What motivates professionals?
All employees are professionals. Scientific research has shown that professionals have an intrinsic motivation, an internal drive to perform well. Daniel Pink put forward his research on the topic in the book ‘Drive’. Pink’s research found that carrot-and-stick style financial KPIs are counterproductive and tend to frustrate professionals far more than they motivate them. What he found was that Autonomy, Mastery and Purpose are the key principles that motivate professionals.
For those interested in learning more about this, I would definitely recommend this RSA animated representation of Daniel Pink’s thinking.
Creating a social culture, using social (media) technology
I’ve seen excellent examples of how technology can make these things happen. The term is Social HR, modern social media based HR tools. A great example of this is Rypple. Facebook uses it, as does LinkedIn, and a great (3 minute) video has been created showing how Spotify uses the tool to motivate employees and align them with company targets. Rypple was acquired by Salesforce.com and is now known as Work.com. It enables companies to define effective targets (the purpose of Daniel Pink’s book, ‘Drive’) and monitor their progress far more frequently and openly than traditional appraisal processes allow. The Facebook-like environment enables employees – both managers and colleagues – to provide their feedback on individuals in way that is intuitive and consistent with their best experiences of using social media tools.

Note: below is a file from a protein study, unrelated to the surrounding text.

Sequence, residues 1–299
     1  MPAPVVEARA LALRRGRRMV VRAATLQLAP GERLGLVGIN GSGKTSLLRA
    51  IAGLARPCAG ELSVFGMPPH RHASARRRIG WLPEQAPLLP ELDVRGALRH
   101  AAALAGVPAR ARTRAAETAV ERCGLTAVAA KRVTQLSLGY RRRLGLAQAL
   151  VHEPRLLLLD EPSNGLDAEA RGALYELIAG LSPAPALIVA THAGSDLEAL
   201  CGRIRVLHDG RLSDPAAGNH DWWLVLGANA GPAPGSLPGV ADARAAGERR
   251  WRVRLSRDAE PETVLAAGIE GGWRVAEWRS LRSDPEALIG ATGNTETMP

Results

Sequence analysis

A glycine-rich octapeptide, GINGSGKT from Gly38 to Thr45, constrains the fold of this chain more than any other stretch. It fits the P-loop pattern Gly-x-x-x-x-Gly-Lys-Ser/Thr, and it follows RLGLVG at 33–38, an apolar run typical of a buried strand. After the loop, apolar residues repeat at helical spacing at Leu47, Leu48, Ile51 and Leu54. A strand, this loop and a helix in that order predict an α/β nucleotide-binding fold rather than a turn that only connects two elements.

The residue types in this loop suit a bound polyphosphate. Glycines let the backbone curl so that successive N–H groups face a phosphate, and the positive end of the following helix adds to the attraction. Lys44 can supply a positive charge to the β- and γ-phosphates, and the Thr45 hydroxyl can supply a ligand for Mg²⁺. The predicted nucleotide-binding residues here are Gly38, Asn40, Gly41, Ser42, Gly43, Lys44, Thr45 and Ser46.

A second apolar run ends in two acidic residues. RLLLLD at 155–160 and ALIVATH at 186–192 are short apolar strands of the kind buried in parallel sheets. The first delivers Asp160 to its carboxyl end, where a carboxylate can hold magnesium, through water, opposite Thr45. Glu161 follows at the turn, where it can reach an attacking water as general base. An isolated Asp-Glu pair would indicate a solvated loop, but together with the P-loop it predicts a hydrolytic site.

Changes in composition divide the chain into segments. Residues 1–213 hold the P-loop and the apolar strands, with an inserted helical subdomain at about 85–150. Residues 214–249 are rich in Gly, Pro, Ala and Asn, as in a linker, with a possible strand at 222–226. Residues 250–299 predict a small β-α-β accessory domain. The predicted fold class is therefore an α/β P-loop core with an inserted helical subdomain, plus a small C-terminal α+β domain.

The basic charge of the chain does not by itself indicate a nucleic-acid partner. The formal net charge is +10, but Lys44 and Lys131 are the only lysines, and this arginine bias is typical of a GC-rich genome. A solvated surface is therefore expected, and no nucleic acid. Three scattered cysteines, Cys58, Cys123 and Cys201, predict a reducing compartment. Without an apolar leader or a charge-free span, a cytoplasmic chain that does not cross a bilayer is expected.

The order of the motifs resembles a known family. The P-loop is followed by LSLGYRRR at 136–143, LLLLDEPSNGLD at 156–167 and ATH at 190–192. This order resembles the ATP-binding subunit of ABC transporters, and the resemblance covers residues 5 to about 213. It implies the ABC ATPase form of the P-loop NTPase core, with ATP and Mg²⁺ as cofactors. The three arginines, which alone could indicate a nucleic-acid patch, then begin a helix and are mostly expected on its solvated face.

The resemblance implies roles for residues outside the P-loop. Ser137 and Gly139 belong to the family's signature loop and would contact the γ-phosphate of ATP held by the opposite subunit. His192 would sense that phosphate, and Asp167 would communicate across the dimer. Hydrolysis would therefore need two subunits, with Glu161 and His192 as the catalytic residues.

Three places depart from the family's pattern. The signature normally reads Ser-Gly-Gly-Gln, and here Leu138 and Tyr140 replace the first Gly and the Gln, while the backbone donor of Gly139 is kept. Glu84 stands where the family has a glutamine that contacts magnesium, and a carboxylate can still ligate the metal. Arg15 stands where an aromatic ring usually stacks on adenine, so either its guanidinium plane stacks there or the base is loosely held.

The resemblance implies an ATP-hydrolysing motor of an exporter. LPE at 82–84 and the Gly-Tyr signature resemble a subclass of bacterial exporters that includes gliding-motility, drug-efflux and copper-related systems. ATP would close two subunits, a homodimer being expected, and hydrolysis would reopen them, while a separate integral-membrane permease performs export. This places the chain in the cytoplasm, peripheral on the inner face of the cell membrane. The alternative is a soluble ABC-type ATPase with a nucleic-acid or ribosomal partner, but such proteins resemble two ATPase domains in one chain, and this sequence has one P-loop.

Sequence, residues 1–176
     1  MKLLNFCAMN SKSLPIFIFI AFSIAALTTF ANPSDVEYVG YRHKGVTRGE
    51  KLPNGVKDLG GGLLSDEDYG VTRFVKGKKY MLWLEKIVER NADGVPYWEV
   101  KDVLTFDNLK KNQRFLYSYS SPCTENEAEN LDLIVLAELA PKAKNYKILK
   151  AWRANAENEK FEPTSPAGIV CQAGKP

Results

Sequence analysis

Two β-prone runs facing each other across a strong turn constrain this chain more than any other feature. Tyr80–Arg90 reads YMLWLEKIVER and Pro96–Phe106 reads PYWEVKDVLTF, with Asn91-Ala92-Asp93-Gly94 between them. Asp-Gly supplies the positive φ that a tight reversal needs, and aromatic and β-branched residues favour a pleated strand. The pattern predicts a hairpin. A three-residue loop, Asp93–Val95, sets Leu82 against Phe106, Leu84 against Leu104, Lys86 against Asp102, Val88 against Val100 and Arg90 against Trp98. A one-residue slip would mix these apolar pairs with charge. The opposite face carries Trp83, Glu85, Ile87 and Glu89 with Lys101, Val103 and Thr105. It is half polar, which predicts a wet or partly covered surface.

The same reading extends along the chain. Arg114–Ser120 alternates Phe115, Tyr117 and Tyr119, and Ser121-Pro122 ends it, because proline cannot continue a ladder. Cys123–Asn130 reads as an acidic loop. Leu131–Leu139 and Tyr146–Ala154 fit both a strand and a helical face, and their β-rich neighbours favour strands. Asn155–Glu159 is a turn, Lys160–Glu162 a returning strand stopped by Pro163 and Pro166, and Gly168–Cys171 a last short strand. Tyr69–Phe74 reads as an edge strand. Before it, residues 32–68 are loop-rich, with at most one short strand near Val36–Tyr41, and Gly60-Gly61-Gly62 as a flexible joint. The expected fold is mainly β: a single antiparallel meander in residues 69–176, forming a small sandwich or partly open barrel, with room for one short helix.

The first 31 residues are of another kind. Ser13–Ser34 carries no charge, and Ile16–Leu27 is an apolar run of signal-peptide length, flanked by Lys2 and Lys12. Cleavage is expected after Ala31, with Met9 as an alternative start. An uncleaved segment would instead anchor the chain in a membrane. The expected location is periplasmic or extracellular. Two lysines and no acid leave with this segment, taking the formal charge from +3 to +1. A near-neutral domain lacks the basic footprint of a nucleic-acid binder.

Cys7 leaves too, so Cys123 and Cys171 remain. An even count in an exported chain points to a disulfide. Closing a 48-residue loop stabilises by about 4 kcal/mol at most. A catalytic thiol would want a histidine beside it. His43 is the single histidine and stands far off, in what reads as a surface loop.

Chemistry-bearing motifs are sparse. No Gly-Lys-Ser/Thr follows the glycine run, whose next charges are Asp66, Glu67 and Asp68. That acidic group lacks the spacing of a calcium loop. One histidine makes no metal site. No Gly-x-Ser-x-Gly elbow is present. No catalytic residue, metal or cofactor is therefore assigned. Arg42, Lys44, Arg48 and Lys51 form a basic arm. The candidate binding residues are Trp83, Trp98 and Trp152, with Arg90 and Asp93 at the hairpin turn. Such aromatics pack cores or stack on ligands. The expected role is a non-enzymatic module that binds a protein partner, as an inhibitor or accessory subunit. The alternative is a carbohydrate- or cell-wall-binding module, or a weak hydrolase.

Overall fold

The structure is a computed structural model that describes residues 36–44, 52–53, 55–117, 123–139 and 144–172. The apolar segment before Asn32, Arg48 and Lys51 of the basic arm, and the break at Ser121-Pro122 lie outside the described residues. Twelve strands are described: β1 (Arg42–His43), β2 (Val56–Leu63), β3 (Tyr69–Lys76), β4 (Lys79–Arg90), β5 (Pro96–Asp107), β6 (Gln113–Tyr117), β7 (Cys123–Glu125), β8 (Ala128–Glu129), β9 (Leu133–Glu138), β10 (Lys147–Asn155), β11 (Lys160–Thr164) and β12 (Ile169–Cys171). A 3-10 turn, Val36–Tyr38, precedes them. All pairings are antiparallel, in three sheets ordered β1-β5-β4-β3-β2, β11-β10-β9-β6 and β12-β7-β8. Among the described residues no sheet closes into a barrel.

The open, ‘social’ nature of this exercise means that the feedback they provide transcends internal organizational structures and enables feedback and appraisals to be captured against company targets. Importantly, this can all happen without being hindered by internal boundaries, departmental KPI’s or sub-optimal departmental targets. This enables high-performing employees to shine and, importantly, it provides them with the motivation – in the form of peer recognition – to perform to the best of their abilities. In the same way, this ‘openness’ ensures that underperformers are not able to hide behind the formalities of old-fashioned KPIs. Importantly, this puts employees on the same page – not just in terms of appraisals and feedback, but also when collaborating towards a company-wide goal, such as putting the ‘customer first’.
- There is a need for customer focus and collaboration across organizational boundaries;
- Social media and cloud technology (the internet) have been responsible for empowering the customer. The same technology can be used by enterprise organizations to transform their organizations and facilitate a ‘social cultural change’;
- Current KPI’s are outdated and counterproductive. Those companies that recognize this and act accordingly will reap the benefits in terms of employee satisfaction and productivity;
- Read Daniel Pink’s book ‘Drive’ and start a pilot with this new paradigm, supported by a modern enabling Social HR solution.